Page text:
By Shilpy Sinha
State-owned insurance companies plan to put a check on hospitals by asking them to standardise charges on treatments. Some hospitals are inflating claims and overcharging insurers, G Srinivasan, chairman and managing director, United India Insurance Company, tells Shilpy Sinha. As against Rs 8,000 crore earned from health insurance policies, the 22-odd insurers settled claims worth Rs 11,000 crore in the year to March 2010. Edited excerpts:
Have public sector general insurers stopped cashless mediclaim in certain hospitals?
Hospitals have been charging rates that are far in excess than what is justified. Our third-party administrators (TPAs) have been talking to hospitals for a long time to rationalise the charges. It results in customers exhausting their policy limits early. Subsequently, the premium also goes up.
We are in the process of talking to other hospitals to bring them under our network. We have only classified hospitals. We don’t want erratic charges to continue. TPAs are not able to negotiate well with hospitals. So, we took this step in the interest of our health portfolio.
We have created a new list and not added some hospitals so far. As and when the rates materialise, we will add them.
Is health cover getting costlier?
There has been a big jump in health insurance premium. We load the premium with the increasing claim experience and also take health inflation into account.
There have been a lot of complaints from senior citizens about unavailability of health cover. What is your comment?
There is a problem in writing health insurance for senior citizens. The claim ratio in this segment for companies is 200 per cent. Companies are very selective while writing health covers. But, the Insurance Regulatory and Development Authority (Irda) has been pro-active in saying that you should treat them fairly and even if you conduct medical tests, you should bear a part of the fees. They cannot deny covers and can load premium to a certain extent. There are a lot of restrictions, which are strictly followed by us. If there is any aberration, it can be brought to our notice.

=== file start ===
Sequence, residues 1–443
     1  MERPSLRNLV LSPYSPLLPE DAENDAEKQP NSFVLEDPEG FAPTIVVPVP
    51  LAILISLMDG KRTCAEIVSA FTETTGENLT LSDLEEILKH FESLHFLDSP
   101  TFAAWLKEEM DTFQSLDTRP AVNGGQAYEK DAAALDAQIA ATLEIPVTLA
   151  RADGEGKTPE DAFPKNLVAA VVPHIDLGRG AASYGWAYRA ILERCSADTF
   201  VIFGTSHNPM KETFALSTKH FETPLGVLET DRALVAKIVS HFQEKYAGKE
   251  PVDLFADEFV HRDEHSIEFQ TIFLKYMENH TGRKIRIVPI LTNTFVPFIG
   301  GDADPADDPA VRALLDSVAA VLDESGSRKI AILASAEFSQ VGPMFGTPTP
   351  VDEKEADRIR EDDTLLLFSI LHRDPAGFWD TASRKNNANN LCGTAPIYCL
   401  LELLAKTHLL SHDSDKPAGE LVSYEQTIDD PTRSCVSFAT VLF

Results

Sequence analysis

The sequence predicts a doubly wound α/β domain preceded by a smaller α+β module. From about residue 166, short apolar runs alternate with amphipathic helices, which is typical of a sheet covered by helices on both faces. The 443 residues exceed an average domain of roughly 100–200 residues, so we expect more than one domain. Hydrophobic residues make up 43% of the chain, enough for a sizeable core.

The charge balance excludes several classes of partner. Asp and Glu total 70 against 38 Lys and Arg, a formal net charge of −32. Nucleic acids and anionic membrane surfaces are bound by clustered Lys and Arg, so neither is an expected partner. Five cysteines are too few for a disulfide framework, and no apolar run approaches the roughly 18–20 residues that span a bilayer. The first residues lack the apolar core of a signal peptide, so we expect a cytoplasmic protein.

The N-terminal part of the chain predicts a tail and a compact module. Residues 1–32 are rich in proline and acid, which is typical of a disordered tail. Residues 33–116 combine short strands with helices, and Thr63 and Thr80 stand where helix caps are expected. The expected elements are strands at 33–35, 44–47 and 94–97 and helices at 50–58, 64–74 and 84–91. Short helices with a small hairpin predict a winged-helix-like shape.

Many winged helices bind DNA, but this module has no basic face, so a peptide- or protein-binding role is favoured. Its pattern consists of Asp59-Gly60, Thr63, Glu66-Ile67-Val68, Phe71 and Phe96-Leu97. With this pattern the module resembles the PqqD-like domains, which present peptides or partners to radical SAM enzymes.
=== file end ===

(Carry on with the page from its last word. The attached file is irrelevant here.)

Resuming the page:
Insurers are still offering huge discounts. Where will the prices stabilise?
You can divide the entire portfolio into mega policies, mid-cap policies and smaller policies.
Large policies were detariffed 10 years back. In mid-cap policies, there was certainly a substantial drop in rates but now there is a tendency for rates to go up, especially depending on the claim experience.
If you take our company, the fire loss ratio was around 49 per cent and the engineering loss ratio was 15 per cent. People said the rates would stabilise in two years. It may take up to three to four years. But ultimately, each risk will get a price. There are some risks like hydro-electric and group mediclaim, which no one wants to write. Rates have gone up on a client to client basis.
Is it viable to continue the third party motor pool or you want it to be scrapped?
The remedy is to charge the right price. The price was so far borne completely by public sector companies. But if prices are not enough, the solution is to either charge actuarially determined prices, which can be governed by the regulator, or open up so that companies know what to do. The industry has proposed to Irda to prescribe obligations on this, so you can always cherry-pick or pay penalty and not write it. That may not be the complete solution. So, we would like the pool to continue as long as pricing is adequate.
How do you look at State Bank of India General’s entry into the market? Is it going to lead to a rate war?
The market is big. Penetration seems to remain at a low level because we are growing at the same pace as the economy. We are adding new customers and the business size is increasing. So, new players are welcome. A few companies may lose their bancassurance partner. A new player is aggressive in pricing as it has to build a critical mass.
What kind of growth are you expecting this year?
Last year, we reached Rs 5,200 crore and this year we will reach Rs 6,000 crore. It will be 15 per cent growth. We are not going to run after growth. Our retail business is around 70 per cent while the rest is corporate. We are leaders in social and rural sectors, which contributes 15 per cent of the total premium. We are looking at increasing our share in this segment.